Interstate experimented with the Innovative Cereal formula and determined that it worked in Wonder Bread, the nation's top-selling brand. In 2001, Interstate began shipping Wonder loaves that could stay soft and fresh for seven days, more than twice as long as before.

Company officials saw the rollout as clearing the way for a huge cost-cutting program. Bread always had been so perishable that the company had operated more than 60 bakeries, so no truck had to drive very far. Now, executives envisioned shutting plants right and left, and reducing deliveries by 10%.

Officers told Wall Street the program would permit cost cutting like never before. "Our extended-shelf-life program will continue to play a significant role in cost control, with the added benefit of improved quality and availability of our products," said Charles Sullivan, former chairman and chief executive, three years ago.

Sometimes the recipe didn't work. Sometimes it did, but keeping bread on the shelf for a week, its marshmallow consistency pawed over by hundreds or thousands of customers, left the concoction in sad little lumps on the shelves.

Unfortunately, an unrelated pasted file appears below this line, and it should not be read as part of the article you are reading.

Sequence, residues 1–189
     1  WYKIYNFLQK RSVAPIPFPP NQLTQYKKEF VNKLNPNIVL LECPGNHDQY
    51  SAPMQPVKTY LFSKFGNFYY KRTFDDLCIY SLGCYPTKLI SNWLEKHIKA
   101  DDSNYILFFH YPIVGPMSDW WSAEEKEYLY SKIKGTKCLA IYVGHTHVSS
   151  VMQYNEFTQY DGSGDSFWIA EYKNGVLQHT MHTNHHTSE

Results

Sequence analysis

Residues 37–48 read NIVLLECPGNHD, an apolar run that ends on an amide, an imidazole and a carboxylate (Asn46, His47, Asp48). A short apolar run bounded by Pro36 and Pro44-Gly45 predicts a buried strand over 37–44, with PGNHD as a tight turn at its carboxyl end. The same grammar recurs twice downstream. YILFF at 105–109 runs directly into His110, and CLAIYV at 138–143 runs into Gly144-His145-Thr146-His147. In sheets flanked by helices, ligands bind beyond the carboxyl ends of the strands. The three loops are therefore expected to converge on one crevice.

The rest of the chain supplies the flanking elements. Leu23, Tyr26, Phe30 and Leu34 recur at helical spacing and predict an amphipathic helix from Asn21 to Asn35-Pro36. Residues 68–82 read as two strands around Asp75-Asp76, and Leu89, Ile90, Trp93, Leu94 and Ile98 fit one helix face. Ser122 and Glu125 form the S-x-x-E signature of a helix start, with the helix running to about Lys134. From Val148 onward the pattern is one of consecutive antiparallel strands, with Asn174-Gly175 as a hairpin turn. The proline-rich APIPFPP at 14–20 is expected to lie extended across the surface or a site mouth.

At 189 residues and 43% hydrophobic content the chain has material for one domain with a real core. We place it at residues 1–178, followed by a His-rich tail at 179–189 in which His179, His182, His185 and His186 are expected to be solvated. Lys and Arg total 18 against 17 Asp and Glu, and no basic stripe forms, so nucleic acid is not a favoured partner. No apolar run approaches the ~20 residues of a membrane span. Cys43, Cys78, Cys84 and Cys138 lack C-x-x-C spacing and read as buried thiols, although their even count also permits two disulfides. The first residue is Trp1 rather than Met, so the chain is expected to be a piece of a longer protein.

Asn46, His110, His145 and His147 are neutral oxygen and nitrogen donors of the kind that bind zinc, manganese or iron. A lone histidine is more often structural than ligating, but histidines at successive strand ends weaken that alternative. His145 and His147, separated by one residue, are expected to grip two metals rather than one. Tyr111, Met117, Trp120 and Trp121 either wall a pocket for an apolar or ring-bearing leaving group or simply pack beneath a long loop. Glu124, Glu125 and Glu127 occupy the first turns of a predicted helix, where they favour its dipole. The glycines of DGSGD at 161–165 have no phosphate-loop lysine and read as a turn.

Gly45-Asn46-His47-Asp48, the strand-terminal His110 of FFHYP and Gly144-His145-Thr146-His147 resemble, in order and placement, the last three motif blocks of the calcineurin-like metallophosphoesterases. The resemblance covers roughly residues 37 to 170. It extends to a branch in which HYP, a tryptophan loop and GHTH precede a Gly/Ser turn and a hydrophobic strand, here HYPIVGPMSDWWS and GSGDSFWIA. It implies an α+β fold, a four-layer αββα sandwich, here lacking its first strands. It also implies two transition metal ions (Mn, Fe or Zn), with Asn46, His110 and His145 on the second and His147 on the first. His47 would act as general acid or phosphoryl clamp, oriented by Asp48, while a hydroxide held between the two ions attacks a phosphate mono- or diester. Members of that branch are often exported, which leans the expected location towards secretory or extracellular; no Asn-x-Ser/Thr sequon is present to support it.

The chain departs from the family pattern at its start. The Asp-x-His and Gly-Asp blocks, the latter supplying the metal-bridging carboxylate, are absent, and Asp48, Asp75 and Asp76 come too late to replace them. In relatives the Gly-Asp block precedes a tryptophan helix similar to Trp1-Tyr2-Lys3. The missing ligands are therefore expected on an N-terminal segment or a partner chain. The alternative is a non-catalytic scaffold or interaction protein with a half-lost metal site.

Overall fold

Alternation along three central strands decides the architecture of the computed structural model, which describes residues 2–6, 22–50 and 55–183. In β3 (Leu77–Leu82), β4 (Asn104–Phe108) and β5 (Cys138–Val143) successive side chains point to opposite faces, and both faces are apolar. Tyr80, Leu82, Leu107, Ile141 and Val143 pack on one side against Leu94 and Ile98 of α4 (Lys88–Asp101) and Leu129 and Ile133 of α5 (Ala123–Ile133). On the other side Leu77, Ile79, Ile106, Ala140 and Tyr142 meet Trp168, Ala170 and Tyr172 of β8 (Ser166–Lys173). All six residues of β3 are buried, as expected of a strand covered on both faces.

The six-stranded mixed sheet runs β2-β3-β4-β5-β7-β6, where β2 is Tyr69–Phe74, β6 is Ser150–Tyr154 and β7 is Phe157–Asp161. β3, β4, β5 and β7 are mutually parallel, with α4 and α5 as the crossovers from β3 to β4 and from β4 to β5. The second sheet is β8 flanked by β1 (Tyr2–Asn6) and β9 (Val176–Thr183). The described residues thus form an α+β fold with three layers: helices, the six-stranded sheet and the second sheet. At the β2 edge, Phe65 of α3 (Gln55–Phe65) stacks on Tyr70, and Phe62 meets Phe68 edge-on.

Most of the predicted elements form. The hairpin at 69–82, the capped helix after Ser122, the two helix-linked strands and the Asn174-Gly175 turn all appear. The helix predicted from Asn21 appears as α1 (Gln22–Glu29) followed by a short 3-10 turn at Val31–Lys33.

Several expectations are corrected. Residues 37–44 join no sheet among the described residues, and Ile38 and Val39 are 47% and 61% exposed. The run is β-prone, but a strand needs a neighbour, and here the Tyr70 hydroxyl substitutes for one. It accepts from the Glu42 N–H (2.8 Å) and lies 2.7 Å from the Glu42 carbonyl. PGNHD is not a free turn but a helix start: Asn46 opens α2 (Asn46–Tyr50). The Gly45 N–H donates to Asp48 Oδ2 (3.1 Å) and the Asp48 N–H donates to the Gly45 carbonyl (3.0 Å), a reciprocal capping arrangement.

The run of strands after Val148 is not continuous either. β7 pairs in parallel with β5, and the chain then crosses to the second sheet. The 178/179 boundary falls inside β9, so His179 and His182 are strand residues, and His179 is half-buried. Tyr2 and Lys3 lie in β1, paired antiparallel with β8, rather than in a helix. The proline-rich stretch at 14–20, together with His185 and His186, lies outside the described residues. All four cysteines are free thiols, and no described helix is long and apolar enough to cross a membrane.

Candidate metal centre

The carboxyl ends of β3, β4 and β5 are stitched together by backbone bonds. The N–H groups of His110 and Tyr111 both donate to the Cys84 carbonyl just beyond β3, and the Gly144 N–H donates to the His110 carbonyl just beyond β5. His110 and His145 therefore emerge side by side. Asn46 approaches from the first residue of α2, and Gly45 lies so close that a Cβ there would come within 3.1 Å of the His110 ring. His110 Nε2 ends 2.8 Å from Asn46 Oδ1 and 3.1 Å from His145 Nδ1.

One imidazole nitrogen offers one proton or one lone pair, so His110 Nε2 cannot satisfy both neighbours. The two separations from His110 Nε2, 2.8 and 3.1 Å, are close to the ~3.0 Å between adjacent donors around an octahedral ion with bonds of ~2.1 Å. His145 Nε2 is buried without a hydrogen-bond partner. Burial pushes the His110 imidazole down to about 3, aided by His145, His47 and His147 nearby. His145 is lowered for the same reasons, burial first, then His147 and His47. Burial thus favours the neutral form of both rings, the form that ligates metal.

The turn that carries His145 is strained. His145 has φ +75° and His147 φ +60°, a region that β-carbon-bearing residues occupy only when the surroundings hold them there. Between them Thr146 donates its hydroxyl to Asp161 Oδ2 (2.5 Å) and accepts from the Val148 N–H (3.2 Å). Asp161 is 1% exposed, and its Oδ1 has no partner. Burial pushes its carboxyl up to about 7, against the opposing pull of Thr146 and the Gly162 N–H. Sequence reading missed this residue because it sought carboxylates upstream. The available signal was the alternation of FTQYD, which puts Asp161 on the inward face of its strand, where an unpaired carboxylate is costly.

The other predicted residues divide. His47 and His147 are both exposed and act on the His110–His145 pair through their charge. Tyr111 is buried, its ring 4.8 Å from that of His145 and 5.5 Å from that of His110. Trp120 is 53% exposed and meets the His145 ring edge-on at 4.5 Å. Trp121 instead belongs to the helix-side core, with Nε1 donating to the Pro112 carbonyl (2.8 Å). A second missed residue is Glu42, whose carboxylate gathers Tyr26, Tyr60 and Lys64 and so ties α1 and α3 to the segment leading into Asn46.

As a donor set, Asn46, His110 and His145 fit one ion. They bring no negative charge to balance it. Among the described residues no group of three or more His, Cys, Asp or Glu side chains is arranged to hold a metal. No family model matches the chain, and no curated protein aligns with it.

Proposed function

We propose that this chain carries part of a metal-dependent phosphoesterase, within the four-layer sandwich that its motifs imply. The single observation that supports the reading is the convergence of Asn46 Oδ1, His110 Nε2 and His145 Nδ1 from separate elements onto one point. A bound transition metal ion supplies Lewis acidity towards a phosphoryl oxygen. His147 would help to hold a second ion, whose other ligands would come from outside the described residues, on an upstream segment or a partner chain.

Mitchell Pinheiro, a food analyst with Janney Montgomery Scott, says he was touring an Atlanta supermarket in June 2003 when he noticed that Interstate's Merita bread looked gummy and doughy. "It was so heavy that the sides weren't able to support the weight," Mr. Pinheiro says. He questioned a delivery driver, who, he recalls, thought the bread never should have made it to store shelves.

"So heavy that the sides weren't able to support the weight." Mmm. Did I mention it was a week old?

Science—and the government—created the market for enriched white breads like Wonder Bread, as Aaron Bobrow-Strain details in his lengthy history of the foodstuff for The Believe. It was not entirely ill-conceived; initially, it was meant to address widespread vitamin deficiencies among the poor: